Vaccination as a potential means to prevent plague in black-footed ferrets: Progress and continuing challenges

Scientific Investigations Report 2005-5293
By: , and 



This study was conducted to further assess the feasibility of vaccinating black-footed ferrets (Mustela nigripes) against plague (caused by the bacterium Yersinia pestis). On days 0 and 28, 17 postreproductive ferrets were immunized by subcutaneous injection with a recombinant fusion protein containing F1 and V antigens from Y. pestis. Another 17 animals received a placebo by the same route. Two weeks after the second immunization, mean antibody titers to Y. pestis F1 and V antigens were measured and found to be significantly higher in vaccinates than their preimmunization values (P < 0.0001) and significantly higher than the control values (P < 0.0001). Six months postimmunization, 16 vaccinates and eight controls were challenged with approximately 8,000 colony forming units of virulent plague by subcutaneous inoculation. Eleven of 16 vaccinates (69 percent) survived with no ill effects whereas all eight control animals died within 3a??6 days. Two months later, the 11 surviving vaccinates were challenged again by ingestion of a plague-infected mouse. None of the animals showed any ill effects and all survived. In contrast, seven control ferrets fed infected mice died within 2a??4 days, including one animal that did not actually ingest the mouse but was likely exposed to it. This study demonstrates that immunization of ferrets with the recombinant F1-V fusion protein can induce significant antibody responses and reduce their susceptibility to plague infection.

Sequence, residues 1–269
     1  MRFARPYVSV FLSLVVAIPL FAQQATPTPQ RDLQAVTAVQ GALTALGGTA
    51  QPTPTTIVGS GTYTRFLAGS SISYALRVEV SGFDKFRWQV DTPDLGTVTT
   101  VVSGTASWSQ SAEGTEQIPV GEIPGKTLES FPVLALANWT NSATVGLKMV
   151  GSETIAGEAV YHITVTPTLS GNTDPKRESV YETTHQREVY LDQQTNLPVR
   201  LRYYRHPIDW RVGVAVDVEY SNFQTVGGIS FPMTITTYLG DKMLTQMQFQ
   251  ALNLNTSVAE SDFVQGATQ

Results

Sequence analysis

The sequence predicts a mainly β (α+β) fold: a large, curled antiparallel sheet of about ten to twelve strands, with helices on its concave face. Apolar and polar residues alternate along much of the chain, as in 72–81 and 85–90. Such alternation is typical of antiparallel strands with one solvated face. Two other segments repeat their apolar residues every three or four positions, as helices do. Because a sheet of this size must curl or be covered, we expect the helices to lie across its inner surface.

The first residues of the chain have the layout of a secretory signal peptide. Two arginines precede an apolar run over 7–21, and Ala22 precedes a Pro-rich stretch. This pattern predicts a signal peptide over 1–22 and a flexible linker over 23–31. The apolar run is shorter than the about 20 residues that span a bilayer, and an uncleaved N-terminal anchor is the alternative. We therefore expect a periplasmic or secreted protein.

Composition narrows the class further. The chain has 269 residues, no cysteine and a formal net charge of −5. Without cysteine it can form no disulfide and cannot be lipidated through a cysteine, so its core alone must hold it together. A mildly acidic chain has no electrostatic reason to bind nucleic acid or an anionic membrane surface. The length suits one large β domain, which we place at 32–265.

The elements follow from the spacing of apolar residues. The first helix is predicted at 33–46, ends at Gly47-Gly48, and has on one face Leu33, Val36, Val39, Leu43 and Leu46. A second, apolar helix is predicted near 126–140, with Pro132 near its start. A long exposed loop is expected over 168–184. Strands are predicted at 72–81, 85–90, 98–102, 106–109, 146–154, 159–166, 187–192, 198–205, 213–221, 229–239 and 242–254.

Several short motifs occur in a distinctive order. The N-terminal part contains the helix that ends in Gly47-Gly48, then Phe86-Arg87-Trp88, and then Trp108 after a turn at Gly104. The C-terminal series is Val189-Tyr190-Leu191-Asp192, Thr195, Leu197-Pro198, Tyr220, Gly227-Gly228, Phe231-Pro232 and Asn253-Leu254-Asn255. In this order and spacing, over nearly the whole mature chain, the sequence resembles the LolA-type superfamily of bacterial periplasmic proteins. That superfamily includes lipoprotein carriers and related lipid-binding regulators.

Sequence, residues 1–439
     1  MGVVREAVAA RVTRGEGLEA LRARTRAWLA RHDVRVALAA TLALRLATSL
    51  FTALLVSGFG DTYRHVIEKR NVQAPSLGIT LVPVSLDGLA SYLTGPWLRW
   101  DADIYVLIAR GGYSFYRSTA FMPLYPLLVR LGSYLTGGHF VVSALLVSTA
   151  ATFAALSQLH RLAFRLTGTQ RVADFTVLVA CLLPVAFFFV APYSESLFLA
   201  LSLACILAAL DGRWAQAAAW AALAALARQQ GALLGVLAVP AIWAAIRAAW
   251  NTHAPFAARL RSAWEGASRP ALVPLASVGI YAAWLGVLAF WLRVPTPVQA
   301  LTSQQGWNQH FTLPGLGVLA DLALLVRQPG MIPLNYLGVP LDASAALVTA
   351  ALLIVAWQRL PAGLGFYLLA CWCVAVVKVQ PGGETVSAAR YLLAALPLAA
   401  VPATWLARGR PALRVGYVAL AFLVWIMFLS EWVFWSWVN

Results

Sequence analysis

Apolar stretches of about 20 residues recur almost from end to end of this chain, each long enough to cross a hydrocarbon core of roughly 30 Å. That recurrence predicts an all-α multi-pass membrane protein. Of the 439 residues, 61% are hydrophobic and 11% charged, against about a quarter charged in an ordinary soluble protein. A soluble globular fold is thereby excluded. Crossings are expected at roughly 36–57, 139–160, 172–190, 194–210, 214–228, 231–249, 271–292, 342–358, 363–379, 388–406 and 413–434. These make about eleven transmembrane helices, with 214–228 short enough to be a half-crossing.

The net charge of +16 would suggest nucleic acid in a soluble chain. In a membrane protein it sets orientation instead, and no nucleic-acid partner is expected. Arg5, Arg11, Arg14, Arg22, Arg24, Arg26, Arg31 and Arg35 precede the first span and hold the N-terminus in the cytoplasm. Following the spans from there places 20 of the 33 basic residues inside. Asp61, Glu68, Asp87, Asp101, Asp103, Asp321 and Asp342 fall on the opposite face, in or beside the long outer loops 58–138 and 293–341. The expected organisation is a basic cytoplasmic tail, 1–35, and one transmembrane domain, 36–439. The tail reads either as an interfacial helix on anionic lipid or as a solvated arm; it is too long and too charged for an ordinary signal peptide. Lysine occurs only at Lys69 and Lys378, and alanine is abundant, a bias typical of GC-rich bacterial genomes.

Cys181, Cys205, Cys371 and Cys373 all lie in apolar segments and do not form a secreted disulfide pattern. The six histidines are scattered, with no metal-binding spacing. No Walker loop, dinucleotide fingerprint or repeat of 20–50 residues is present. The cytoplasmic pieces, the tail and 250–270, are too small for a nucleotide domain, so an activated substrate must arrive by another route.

Publication type Report
Publication Subtype USGS Numbered Series
Title Vaccination as a potential means to prevent plague in black-footed ferrets: Progress and continuing challenges
Series title Scientific Investigations Report
Series number 2005-5293
DOI 10.3133/2002466
Year Published 2006
Language English
Publisher U.S. Geological Survey
Publisher location Reston, VA
Contributing office(s) Fort Collins Science Center, National Wildlife Health Center
Description 5 p.
Larger Work Type Report
Larger Work Subtype USGS Numbered Series
Larger Work Title Recovery of the black-footed ferret: Progress and continuing challenges (Scientific Investigations Report 2005-5293)
First page 243
Last page 247
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